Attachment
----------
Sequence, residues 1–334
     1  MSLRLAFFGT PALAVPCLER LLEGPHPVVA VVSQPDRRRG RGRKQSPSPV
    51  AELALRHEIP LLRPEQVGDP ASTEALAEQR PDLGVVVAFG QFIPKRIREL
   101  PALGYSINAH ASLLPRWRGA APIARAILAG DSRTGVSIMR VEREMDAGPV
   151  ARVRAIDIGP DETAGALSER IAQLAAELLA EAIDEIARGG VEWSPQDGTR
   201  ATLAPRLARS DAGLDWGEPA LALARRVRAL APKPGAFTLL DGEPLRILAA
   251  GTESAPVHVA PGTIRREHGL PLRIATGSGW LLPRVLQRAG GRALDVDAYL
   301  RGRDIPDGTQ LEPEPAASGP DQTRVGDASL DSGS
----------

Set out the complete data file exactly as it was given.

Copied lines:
Sequence, residues 1–334
     1  MSLRLAFFGT PALAVPCLER LLEGPHPVVA VVSQPDRRRG RGRKQSPSPV
    51  AELALRHEIP LLRPEQVGDP ASTEALAEQR PDLGVVVAFG QFIPKRIREL
   101  PALGYSINAH ASLLPRWRGA APIARAILAG DSRTGVSIMR VEREMDAGPV
   151  ARVRAIDIGP DETAGALSER IAQLAAELLA EAIDEIARGG VEWSPQDGTR
   201  ATLAPRLARS DAGLDWGEPA LALARRVRAL APKPGAFTLL DGEPLRILAA
   251  GTESAPVHVA PGTIRREHGL PLRIATGSGW LLPRVLQRAG GRALDVDAYL
   301  RGRDIPDGTQ LEPEPAASGP DQTRVGDASL DSGS